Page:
At some point in your life, you may conclude that where you go doesn't really matter as much as whether you can get to where you want to be by going there. It's what you know and who you know that's always more important than where you go. Having an Ivy League diploma to get your foot in the door for your first great job is a perk for sure but once the honeymoon is over at work, they will expect you to step up and prove yourself, like everyone else. Like Obama, you can be President even if you go to Occidental College because you can always transfer to Columbia or another elite college when you feel the time is right. Also, if you want to be a doctor, lawyer, architect, or other professional, you will have to go to grad school so this whole undergrad thing is just a first step. Where you finish up at grad school will have more weight on your success or failure in your career.

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8
7 months ago

Hello! I can definitely relate to this, so here are some general tips I have for you:

- In each school, make a list of pros and cons (I know this will take awhile, but it is very beneficial). With these pros and cons, if a couple schools have a lot more cons compared to others, take them out of your list.

- What will you study? If you know what you want to major in, search up the best schools in the country for that major. Then, if schools are just too far down the list, take them out.

- Location: Do you want to be close or far away from home? Do you like cold or warm weather? Do you like the rain or the sun? East coast? West coast? Come up with your preference, research each school, and see which do not fit this criteria.

- Academics: Aside from just looking at your planned major, also look at how good the schools are in terms of general academics. One thing to remember is that, in general, your reach schools (lower acceptance rates) can seem to have better academic reputations. This does not mean to have all reach schools. A general rule of thumb is to have 25% safety schools (schools you know will accept you), 50% target schools (schools you could get into), and 25% reach schools (very low acceptance rates). THIS IS IMPORTANT!

- Collegevine! You can attend livestreams about certain colleges as well as the college communities tabs! Reach out to students who go to those schools to get additional perspectives.

- Financial safety: If you are able to comfortably afford college and cost is not an issue, you can ignore this. However, cost is definitely a factor for lots of students, so make sure you do not apply to colleges that cost an outrageous amount of money unless you have a scholarship. Also! Realize that each college will (most of the time) require you to pay a certain amount of money to even apply to their school. This means that with more colleges, more money you will have to spend - just something to think about.

- AP Class Credit: If you have taken AP tests, your score could potentially qualify you for some college credits. Some colleges do not offer these credits, even if you get a perfect score on the exam. While this is not the end of the world, it would certainly help narrow down some colleges. You can find AP class credit opportunities on each college's website.

- Language requirements: If you want to get into a super selective school such as Harvard, they "highly recommend" (A.K.A pretty much require) at least four years of language. If you LOVE a school but do not have the recommended years of language, I am not telling you to not apply, however, know that it could lower your personal chance of acceptance. (This applies to all class credits - search up exactly how many credits each college wants you to have on their website. If you have a college you are "meh" about and do not have their recommended credits, take that college out of the list, it is simply not worth it).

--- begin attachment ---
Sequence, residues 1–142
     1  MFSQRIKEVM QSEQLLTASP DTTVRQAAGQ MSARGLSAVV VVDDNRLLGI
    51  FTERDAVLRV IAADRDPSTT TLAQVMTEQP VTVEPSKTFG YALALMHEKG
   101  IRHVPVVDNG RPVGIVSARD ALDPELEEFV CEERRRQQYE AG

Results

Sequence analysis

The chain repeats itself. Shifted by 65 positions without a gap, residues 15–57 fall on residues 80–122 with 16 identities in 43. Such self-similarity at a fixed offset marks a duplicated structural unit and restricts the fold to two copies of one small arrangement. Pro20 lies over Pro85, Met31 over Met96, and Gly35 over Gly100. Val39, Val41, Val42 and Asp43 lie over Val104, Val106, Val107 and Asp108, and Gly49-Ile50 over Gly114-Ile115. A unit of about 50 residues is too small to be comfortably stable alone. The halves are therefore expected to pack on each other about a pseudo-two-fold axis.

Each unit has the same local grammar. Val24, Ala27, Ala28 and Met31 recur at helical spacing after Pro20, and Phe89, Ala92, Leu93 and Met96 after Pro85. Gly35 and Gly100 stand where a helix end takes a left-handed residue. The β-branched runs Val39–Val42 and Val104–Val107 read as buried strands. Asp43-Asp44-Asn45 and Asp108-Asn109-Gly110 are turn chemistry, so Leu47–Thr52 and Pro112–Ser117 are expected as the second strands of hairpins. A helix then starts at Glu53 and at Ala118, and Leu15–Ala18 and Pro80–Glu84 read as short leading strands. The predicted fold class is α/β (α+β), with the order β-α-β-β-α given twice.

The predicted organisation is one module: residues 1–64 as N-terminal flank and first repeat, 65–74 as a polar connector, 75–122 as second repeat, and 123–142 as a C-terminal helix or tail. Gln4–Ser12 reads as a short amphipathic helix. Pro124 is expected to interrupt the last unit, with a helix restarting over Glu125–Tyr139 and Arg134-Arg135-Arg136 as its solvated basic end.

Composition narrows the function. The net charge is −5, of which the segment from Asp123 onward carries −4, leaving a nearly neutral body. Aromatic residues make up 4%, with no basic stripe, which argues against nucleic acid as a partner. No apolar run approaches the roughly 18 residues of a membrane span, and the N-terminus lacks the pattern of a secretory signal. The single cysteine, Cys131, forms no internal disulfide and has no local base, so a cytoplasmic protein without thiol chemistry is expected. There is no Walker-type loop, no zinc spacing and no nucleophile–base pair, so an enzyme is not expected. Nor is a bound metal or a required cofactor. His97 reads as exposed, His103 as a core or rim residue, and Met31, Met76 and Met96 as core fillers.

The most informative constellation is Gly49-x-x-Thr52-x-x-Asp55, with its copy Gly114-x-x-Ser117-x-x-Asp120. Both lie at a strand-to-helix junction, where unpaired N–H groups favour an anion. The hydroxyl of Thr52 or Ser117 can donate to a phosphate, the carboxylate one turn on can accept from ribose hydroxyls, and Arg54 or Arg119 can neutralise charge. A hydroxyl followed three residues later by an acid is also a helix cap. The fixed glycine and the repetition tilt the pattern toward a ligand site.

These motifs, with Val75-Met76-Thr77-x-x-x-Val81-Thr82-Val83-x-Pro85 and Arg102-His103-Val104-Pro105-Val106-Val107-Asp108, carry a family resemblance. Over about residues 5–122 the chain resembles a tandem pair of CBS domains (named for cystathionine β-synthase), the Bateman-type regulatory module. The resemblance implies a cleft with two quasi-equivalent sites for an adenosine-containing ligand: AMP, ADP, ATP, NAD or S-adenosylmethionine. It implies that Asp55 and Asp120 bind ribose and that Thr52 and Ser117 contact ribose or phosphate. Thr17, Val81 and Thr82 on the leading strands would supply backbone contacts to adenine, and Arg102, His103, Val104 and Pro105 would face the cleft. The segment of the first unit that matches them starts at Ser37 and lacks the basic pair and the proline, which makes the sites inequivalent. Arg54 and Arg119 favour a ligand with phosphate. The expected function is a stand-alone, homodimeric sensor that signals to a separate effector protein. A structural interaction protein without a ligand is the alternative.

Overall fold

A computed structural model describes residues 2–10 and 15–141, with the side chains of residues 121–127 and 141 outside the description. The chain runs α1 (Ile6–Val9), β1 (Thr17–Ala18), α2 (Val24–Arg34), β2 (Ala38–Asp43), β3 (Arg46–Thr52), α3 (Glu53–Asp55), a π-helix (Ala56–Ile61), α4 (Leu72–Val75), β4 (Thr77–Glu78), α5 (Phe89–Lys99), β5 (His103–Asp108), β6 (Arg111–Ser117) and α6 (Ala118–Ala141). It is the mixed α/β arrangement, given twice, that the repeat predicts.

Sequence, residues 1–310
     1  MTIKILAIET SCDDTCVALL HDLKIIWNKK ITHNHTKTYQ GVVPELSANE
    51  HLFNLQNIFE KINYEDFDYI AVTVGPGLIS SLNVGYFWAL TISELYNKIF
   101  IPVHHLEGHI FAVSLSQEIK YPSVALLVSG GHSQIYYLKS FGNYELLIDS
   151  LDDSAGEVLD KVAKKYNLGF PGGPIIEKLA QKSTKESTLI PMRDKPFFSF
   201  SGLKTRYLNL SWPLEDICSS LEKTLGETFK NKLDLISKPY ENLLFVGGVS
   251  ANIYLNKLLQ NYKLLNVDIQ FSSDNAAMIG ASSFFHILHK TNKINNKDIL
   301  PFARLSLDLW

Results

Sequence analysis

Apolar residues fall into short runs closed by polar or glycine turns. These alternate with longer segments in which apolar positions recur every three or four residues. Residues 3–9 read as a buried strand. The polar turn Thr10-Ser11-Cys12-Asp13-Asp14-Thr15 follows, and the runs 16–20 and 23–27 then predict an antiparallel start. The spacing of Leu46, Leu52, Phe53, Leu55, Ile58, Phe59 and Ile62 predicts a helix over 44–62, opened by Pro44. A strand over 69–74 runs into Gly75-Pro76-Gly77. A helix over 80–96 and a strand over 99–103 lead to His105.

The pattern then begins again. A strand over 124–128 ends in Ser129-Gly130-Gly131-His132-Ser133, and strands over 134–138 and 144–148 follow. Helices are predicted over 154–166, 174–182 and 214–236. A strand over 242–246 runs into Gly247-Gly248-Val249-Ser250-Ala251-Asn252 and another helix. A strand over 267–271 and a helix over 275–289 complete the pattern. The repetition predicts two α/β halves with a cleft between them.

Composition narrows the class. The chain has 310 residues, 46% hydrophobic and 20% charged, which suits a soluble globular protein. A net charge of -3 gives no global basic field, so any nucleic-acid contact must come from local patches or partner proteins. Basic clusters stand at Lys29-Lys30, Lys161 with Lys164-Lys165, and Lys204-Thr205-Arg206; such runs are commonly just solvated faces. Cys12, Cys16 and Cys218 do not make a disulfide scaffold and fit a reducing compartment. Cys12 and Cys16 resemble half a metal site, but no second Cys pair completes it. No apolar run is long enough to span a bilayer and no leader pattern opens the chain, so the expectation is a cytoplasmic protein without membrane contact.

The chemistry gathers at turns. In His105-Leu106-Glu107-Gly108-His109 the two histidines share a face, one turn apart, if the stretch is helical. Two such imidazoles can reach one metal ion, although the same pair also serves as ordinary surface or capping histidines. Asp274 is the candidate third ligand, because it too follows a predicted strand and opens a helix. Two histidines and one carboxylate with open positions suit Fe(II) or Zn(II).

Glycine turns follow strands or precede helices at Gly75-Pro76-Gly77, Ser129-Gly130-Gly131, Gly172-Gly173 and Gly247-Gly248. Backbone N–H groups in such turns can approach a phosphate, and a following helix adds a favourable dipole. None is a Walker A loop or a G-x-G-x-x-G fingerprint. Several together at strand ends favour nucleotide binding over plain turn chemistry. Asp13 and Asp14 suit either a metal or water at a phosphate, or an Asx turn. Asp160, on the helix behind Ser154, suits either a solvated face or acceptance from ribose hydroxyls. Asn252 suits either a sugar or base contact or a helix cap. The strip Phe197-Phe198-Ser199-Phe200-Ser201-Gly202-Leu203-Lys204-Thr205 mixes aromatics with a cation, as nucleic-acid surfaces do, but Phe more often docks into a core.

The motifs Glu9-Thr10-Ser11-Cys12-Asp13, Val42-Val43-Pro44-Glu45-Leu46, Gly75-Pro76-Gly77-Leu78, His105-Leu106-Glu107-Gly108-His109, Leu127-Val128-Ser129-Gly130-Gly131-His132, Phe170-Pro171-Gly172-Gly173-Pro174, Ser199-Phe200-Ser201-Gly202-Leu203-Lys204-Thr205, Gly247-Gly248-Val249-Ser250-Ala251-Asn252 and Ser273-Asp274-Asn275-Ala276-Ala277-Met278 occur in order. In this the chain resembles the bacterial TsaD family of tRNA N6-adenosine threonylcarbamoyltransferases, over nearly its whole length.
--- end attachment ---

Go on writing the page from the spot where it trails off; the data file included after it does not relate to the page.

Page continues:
- Dorms/campus: This kind of ties in with the general location, but a bit more specified. Would you like to spend your four (more/less) years in an urban, suburban, or rural setting? This can be important. Also, look at the dorms. Do you like the size of the dorms the college has? How many people do they normally put in each dorm?

- What kind of students go to these colleges: Research what people are learning with you. Is a school known for substance abuse? While this should not be put against all students going there, it certainly helps to know.

- Diversity: Is diversity important to you? You can go on Collegevine in each college profile to see exactly how much diversity each school has! This also applies for genders.

- Religion: Are you openly religious? Would you like a school that openly shares your same religious beliefs? Or are you not religious and would prefer a school that is also not religious?

- Sports/clubs: Do you play/watch a certain sport? What about clubs? Research what extracurricular activities each school offers to see what might interest you. Besides, college should not always be about studying.

- Internship opportunities: Internships can help you get a job that you want after college as they show your work experience. What internships are available to you at that school? How can the school help you get those internships?

- Job opportunities: What is the average salary of a graduate in your major at that school? This can vary between schools, and if salary is important to you, I would check out Collegevine resources for each school. They would have this information.

- Study abroad: Do you want to study in another country for part of your college career? Some colleges offer this. If this experience is important to you, you can cross out a lot of colleges.

These are just some that came to me. I can try and update this if I think of any others!

I hope this answered your question. Good luck!

(please reach out if you have any other questions I can answer) :)